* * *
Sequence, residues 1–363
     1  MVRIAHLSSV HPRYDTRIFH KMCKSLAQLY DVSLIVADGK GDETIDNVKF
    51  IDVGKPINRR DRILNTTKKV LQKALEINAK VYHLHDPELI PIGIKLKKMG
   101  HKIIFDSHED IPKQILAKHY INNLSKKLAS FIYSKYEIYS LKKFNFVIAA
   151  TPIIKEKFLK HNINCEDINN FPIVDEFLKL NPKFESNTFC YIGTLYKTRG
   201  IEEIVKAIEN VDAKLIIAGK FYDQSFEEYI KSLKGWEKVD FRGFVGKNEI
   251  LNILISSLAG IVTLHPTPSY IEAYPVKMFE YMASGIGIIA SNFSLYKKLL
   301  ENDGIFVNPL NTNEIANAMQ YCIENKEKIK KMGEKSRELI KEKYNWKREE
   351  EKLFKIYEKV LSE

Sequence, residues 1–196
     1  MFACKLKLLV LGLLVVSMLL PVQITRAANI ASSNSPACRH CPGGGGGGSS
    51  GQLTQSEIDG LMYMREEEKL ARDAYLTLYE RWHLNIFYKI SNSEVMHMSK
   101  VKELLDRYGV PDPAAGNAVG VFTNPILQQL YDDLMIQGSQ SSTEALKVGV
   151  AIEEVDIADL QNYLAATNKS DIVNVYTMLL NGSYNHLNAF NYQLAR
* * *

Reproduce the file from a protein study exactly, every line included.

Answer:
Sequence, residues 1–363
     1  MVRIAHLSSV HPRYDTRIFH KMCKSLAQLY DVSLIVADGK GDETIDNVKF
    51  IDVGKPINRR DRILNTTKKV LQKALEINAK VYHLHDPELI PIGIKLKKMG
   101  HKIIFDSHED IPKQILAKHY INNLSKKLAS FIYSKYEIYS LKKFNFVIAA
   151  TPIIKEKFLK HNINCEDINN FPIVDEFLKL NPKFESNTFC YIGTLYKTRG
   201  IEEIVKAIEN VDAKLIIAGK FYDQSFEEYI KSLKGWEKVD FRGFVGKNEI
   251  LNILISSLAG IVTLHPTPSY IEAYPVKMFE YMASGIGIIA SNFSLYKKLL
   301  ENDGIFVNPL NTNEIANAMQ YCIENKEKIK KMGEKSRELI KEKYNWKREE
   351  EKLFKIYEKV LSE

Sequence, residues 1–196
     1  MFACKLKLLV LGLLVVSMLL PVQITRAANI ASSNSPACRH CPGGGGGGSS
    51  GQLTQSEIDG LMYMREEEKL ARDAYLTLYE RWHLNIFYKI SNSEVMHMSK
   101  VKELLDRYGV PDPAAGNAVG VFTNPILQQL YDDLMIQGSQ SSTEALKVGV
   151  AIEEVDIADL QNYLAATNKS DIVNVYTMLL NGSYNHLNAF NYQLAR